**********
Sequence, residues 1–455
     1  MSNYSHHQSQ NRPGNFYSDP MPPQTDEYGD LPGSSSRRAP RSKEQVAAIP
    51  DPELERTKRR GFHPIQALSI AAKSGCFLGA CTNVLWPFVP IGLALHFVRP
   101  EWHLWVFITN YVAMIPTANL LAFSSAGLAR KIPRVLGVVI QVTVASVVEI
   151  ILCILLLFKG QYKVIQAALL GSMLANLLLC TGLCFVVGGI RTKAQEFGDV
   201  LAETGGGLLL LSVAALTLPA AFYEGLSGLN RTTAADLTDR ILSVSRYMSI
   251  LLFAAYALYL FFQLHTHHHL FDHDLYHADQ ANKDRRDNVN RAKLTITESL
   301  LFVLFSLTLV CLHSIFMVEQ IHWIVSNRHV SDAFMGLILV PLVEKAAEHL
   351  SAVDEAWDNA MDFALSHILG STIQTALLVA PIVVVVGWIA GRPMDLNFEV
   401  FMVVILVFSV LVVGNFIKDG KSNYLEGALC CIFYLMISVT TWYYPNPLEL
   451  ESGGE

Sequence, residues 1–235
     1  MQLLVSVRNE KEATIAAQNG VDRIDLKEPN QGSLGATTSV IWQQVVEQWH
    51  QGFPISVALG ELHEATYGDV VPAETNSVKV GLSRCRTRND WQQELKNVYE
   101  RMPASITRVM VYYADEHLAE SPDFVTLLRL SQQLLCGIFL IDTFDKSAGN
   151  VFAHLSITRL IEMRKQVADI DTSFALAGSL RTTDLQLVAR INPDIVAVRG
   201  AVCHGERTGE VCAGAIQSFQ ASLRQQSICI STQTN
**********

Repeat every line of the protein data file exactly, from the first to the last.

Sequence, residues 1–455
     1  MSNYSHHQSQ NRPGNFYSDP MPPQTDEYGD LPGSSSRRAP RSKEQVAAIP
    51  DPELERTKRR GFHPIQALSI AAKSGCFLGA CTNVLWPFVP IGLALHFVRP
   101  EWHLWVFITN YVAMIPTANL LAFSSAGLAR KIPRVLGVVI QVTVASVVEI
   151  ILCILLLFKG QYKVIQAALL GSMLANLLLC TGLCFVVGGI RTKAQEFGDV
   201  LAETGGGLLL LSVAALTLPA AFYEGLSGLN RTTAADLTDR ILSVSRYMSI
   251  LLFAAYALYL FFQLHTHHHL FDHDLYHADQ ANKDRRDNVN RAKLTITESL
   301  LFVLFSLTLV CLHSIFMVEQ IHWIVSNRHV SDAFMGLILV PLVEKAAEHL
   351  SAVDEAWDNA MDFALSHILG STIQTALLVA PIVVVVGWIA GRPMDLNFEV
   401  FMVVILVFSV LVVGNFIKDG KSNYLEGALC CIFYLMISVT TWYYPNPLEL
   451  ESGGE

Sequence, residues 1–235
     1  MQLLVSVRNE KEATIAAQNG VDRIDLKEPN QGSLGATTSV IWQQVVEQWH
    51  QGFPISVALG ELHEATYGDV VPAETNSVKV GLSRCRTRND WQQELKNVYE
   101  RMPASITRVM VYYADEHLAE SPDFVTLLRL SQQLLCGIFL IDTFDKSAGN
   151  VFAHLSITRL IEMRKQVADI DTSFALAGSL RTTDLQLVAR INPDIVAVRG
   201  AVCHGERTGE VCAGAIQSFQ ASLRQQSICI STQTN